Raw material represents about 50-75% of the manufacturing cost of a short-staple yarn. This fact alone is sufficient to indicate the significance of the raw material for the yarn producer. The influence becomes still more apparent when the ease in processing one type of fiber material is compared with the difficulties, annoyance, additional effort, and the decline in productivity and quality associated with another similar material. But hardly any spinner can afford to use a problem-free raw material because it would normally be too expensive.
Adapting to the expected difficulties requires an intimate knowledge of the starting material and its behavior in processing and subsequent stages.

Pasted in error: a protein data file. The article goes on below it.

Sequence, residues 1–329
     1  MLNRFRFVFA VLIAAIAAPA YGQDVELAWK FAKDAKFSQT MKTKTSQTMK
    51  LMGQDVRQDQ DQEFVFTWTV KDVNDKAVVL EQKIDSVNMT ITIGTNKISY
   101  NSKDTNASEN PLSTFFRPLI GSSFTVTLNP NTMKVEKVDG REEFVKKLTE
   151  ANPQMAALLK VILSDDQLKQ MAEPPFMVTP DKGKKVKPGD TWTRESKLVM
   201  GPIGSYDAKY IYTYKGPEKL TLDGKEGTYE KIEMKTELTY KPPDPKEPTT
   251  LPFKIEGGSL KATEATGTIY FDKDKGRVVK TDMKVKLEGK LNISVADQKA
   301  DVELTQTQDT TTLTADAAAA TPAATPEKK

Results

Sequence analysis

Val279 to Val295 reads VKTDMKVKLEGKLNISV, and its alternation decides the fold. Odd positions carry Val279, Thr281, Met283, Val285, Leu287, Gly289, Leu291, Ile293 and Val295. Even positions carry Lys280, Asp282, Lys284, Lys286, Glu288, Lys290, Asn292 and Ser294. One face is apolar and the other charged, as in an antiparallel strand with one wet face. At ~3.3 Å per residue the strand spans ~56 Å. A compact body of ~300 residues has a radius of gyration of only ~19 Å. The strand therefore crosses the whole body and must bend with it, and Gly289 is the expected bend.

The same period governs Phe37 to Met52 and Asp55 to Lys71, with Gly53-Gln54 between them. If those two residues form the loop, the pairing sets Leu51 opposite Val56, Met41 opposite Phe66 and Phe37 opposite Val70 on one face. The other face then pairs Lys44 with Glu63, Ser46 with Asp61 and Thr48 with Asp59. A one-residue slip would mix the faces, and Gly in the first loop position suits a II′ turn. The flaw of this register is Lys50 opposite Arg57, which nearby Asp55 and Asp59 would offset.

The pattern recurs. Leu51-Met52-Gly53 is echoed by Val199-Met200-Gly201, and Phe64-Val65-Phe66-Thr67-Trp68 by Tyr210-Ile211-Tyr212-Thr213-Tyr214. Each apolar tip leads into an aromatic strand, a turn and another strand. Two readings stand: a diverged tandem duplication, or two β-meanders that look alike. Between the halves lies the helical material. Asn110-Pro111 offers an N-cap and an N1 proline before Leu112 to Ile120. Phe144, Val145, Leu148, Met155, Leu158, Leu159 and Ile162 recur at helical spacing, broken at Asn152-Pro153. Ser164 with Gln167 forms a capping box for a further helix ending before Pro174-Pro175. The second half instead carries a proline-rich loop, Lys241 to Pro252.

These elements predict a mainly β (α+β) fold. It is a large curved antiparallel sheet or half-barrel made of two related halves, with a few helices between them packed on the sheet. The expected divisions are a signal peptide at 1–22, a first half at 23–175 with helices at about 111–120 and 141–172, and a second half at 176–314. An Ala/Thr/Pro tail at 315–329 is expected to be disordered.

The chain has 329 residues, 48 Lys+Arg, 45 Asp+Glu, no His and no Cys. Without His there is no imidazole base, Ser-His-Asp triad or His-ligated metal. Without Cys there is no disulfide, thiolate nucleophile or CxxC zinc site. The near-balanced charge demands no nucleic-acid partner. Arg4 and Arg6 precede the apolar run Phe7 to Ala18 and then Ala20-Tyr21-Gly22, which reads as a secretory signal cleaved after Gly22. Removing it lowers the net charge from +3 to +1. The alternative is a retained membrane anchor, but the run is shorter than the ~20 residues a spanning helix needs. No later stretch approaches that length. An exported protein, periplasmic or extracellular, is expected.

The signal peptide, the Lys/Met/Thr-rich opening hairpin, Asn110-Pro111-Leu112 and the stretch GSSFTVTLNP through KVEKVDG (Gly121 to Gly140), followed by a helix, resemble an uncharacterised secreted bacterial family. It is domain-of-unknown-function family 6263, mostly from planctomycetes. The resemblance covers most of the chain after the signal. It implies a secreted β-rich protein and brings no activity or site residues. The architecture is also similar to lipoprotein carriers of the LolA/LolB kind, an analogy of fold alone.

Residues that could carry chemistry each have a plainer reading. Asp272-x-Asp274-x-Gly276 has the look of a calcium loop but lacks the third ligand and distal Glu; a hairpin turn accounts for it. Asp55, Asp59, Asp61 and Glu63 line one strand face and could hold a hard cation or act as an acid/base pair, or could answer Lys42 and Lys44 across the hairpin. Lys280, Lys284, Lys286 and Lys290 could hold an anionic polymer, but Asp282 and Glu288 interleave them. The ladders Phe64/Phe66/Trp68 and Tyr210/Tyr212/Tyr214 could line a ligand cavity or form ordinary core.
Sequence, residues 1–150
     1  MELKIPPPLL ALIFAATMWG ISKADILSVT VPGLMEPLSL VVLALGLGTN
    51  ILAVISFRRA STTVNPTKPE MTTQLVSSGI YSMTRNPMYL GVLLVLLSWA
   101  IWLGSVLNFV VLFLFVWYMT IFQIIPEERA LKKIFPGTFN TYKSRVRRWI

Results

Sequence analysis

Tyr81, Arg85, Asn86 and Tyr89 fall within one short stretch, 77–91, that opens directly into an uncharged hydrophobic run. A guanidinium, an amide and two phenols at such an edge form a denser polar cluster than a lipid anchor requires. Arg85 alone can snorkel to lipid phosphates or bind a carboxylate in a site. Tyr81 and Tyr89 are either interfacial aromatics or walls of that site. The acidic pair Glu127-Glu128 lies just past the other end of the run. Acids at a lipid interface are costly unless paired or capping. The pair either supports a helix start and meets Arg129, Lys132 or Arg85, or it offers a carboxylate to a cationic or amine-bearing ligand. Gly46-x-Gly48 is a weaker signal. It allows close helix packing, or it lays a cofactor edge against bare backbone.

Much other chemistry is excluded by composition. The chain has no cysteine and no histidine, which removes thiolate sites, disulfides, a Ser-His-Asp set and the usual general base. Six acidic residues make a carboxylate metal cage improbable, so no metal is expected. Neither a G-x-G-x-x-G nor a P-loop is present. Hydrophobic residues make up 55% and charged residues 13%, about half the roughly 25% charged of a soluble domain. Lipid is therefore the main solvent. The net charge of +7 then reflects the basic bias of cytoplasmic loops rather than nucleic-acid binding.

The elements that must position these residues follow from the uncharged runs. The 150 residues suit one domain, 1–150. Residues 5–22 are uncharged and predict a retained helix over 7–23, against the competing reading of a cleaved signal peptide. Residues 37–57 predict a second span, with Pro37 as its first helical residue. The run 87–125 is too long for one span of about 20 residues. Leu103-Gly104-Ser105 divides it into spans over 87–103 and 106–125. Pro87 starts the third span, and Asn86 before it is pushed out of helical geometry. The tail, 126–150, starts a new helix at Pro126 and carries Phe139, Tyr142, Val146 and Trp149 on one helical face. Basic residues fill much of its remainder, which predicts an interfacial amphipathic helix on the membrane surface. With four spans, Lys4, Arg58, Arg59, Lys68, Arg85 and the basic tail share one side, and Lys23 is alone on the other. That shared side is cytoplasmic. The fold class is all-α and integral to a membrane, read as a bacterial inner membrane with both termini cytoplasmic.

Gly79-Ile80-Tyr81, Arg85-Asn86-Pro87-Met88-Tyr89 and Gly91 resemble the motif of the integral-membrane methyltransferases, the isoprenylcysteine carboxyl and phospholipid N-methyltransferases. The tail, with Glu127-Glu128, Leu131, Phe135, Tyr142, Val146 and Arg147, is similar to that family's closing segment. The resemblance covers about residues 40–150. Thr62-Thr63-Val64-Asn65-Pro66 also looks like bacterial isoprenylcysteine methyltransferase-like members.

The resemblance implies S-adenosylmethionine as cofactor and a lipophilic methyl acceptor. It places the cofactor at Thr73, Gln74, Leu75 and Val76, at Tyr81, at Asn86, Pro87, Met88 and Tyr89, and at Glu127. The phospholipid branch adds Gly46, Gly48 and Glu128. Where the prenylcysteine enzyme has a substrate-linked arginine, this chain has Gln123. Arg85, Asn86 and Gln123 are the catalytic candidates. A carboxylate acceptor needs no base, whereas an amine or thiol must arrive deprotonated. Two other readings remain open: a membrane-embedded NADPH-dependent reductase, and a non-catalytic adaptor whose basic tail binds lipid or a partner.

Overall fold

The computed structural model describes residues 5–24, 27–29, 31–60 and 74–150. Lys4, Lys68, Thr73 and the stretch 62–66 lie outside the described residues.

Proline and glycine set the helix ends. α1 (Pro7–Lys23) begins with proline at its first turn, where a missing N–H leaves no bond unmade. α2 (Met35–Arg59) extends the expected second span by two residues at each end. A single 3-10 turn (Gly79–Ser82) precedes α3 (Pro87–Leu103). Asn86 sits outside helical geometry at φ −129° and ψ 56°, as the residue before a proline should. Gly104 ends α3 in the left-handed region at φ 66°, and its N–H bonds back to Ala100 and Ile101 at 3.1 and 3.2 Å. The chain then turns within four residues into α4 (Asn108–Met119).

Optimal conditions can be obtained only through mastery of the raw material. Admittedly, however, the best theoretical knowledge will not help much if the material is already at the limits of spinnability or beyond. Excessive economy in relation to raw material usually does not reduce costs and often increases them owing to deterioration of processability in the spinning mill.
As an introduction to the subject of raw material, the following pages will sketch out several relationships which are important for the yarn producer.